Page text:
* [http://kolmck.net/kol322-x64-unofficial.7z Release preview of KOL 3.22-64] for KOL win32/64
+
* [https://yadi.sk/d/Z0uMP31_67nJY Release preview of KOL 3.23-64] for KOL win32/64
 
* [[KOL-CE|See the KOL CE page]] for win-ce development and requirements.
 
* [[KOL-CE|See the KOL CE page]] for win-ce development and requirements.
 
* Not required, but recommended is a copy of FPC's RTL and/or Delphi's RTL sources
 
* Not required, but recommended is a copy of FPC's RTL and/or Delphi's RTL sources
Line 43: Line 50:
  
 
=== Example ===
 
=== Example ===
Let's start with a simple example. A form, a button and some action.<br>
+
Let's illustrate KOL with a simple example. A form, a button and some action.<br>
 
You will notice that the code resembles that of a LCL/VCL application and basically:<br>
 
You will notice that the code resembles that of a LCL/VCL application and basically:<br>
 
It does exactly the same!<br>
 
It does exactly the same!<br>
Line 49: Line 56:
 
<br>
 
<br>
 
Here's the main program file:<br>
 
Here's the main program file:<br>
<syntaxhighlight>
+
<syntaxhighlight lang="pascal">
 
  program koldemo;
 
  program koldemo;
 
  {This line makes us FPC and Delphi compatible}
 
  {This line makes us FPC and Delphi compatible}
  {$IFDEF FPC}{$MODE DELPHI}{$H+}{$APPTYPE GUI}{$ENDIF}
+
  {$IFDEF FPC}{$MODE DELPHI}{$H+}{$ENDIF}
 +
{$APPTYPE GUI}
 
  uses
 
  uses
 
   Kol,
 
   Kol,
Line 63: Line 71:
 
</syntaxhighlight>
 
</syntaxhighlight>
 
<br>  
 
<br>  
And here is the main unit, again, you will notice it is very similar to LC/VCL code:<br>
+
And here is the main unit, again, you will notice it is very similar to LCL/VCL code:<br>
<syntaxhighlight>
+
<syntaxhighlight lang="pascal">
 
  unit koldemo1;
 
  unit koldemo1;
 
   
 
   
Line 78: Line 86:
 
  PForm1=^TForm1;
 
  PForm1=^TForm1;
 
  TForm1=object(Tobj)
 
  TForm1=object(Tobj)
   Form, Button:pControl;{Note both widgets are of the same type}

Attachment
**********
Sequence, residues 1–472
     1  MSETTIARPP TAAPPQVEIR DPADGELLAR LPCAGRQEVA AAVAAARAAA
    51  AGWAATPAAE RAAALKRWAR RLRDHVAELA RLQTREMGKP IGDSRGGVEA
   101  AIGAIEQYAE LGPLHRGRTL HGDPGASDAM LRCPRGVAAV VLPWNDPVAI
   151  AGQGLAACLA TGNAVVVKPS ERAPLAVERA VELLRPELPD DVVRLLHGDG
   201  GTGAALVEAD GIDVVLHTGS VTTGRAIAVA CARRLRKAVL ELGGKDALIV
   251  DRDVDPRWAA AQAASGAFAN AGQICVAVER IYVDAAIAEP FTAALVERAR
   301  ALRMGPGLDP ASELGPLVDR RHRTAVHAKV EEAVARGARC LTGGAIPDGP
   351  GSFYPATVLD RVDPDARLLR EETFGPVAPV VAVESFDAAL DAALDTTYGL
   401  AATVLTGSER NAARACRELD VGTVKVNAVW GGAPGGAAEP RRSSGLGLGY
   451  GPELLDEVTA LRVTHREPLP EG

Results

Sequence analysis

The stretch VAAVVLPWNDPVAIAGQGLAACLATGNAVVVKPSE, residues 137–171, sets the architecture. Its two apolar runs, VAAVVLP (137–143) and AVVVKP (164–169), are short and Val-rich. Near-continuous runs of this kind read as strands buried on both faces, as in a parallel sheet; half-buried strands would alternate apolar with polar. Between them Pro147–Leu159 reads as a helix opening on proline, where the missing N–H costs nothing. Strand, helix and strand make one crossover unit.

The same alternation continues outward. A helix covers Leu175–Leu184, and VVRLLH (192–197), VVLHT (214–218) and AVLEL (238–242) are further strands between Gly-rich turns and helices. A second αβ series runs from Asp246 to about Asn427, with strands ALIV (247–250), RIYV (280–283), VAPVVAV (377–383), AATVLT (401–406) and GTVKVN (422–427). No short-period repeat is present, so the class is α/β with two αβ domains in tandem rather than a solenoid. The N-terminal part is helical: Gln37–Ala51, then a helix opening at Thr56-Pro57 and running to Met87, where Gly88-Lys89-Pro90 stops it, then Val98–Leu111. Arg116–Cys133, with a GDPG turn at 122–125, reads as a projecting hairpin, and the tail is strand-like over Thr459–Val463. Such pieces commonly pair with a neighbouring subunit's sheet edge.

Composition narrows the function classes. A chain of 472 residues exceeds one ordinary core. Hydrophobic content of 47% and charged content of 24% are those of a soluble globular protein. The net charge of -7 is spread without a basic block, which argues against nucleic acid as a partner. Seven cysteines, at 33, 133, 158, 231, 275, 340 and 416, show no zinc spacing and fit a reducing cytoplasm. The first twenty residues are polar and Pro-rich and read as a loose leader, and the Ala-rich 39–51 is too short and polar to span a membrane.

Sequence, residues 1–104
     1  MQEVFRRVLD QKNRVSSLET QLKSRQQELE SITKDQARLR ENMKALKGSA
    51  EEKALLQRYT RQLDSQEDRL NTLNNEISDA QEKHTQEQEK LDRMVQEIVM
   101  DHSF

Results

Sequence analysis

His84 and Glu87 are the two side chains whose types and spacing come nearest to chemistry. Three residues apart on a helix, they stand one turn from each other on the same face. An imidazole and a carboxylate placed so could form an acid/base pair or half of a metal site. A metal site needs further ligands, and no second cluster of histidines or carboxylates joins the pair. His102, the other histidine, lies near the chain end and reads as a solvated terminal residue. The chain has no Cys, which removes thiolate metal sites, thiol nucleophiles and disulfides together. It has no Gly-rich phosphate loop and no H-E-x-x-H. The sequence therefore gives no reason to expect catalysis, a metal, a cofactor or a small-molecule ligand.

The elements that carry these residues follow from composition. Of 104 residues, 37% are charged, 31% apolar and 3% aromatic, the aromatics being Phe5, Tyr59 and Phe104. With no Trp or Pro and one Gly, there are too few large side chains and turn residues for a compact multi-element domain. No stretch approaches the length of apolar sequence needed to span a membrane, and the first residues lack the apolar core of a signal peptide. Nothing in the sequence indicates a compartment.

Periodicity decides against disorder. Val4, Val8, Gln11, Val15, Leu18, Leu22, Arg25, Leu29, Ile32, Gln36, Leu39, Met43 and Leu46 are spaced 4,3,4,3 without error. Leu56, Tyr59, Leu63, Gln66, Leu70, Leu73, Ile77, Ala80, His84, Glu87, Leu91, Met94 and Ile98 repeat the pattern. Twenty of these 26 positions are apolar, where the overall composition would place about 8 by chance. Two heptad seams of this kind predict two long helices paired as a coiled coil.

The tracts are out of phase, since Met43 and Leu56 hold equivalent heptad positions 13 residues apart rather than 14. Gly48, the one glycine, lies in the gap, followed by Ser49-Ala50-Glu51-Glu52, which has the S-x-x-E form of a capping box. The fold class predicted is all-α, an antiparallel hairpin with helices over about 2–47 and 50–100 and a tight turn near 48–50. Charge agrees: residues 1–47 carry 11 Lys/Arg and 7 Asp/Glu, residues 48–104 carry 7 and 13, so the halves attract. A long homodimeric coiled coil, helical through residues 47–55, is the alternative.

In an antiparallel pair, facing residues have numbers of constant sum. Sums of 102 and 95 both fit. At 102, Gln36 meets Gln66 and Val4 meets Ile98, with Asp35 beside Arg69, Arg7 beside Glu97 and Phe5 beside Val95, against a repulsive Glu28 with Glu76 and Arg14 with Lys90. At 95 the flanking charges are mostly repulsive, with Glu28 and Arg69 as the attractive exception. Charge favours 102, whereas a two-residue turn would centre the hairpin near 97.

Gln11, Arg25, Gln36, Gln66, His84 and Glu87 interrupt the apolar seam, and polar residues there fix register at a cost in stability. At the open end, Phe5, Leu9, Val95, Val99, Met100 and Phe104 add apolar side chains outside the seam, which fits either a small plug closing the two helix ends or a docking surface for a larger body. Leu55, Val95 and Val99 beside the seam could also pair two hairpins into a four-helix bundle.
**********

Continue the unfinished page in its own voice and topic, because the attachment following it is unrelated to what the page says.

+
   {Note both widgets are of the same type}
 +
  Form, Button:pControl;
 
  public
 
  public
 
   {The message handler for our Button}
 
   {The message handler for our Button}
   procedure ButtonClick(Sender:PObj); {The message handler for our Button}
+
   procedure ButtonClick(Sender:PObj);  
 
  end;
 
  end;
 
   
 
   
Line 102: Line 111:
 
     Button.OnClick := ButtonClick;
 
     Button.OnClick := ButtonClick;
 
     { The applet variable is the Application object
 
     { The applet variable is the Application object
       Assigning the main for to it assigns the main message loop to the form.}
+
       Assigning the main form to it assigns the main message loop to the form.}
 
     Applet:=Form;
 
     Applet:=Form;
 
     Form.Add2AutoFree(Result);
 
     Form.Add2AutoFree(Result);
Line 110: Line 119:
 
  procedure TForm1.ButtonClick(Sender: PObj);
 
  procedure TForm1.ButtonClick(Sender: PObj);
 
  begin
 
  begin
     MsgOk('Ouch!');
+
     ShowMessage('Ouch!');
 
  end;
 
  end;
 
   
 
   
Line 118: Line 127:
 
So what's so special about it?<br>
 
So what's so special about it?<br>
 
Well, for one, compile this and look at the executable size.<br>
 
Well, for one, compile this and look at the executable size.<br>
A similar program, Form + Button + ShowMessage compiled with Delphi 7 is '''394 Kilobytes''' and it gets worse for progressive newer versions of Delphi:2.267 XE7-32, 3.672 XE7-64<br>
+
A similar program, Form + Button + ShowMessage compiled with Delphi 7 is '''394 Kilobytes''' and it gets much worse for progressive newer versions of Delphi:2267 Kilobytes XE7-32, 3672 Kilobytes XE7-64<br>
Compiled with Delphi 7 it renders an executable of '''20 Kilobytes''' with Delphi 7 (36 XE7-32, 69 XE7-64). That is almost '''20 times smaller than the same D7 VCL, 62 times smaller than XE7-32 VCL and 53 times smaller than XE7-64 VCL!'''<br>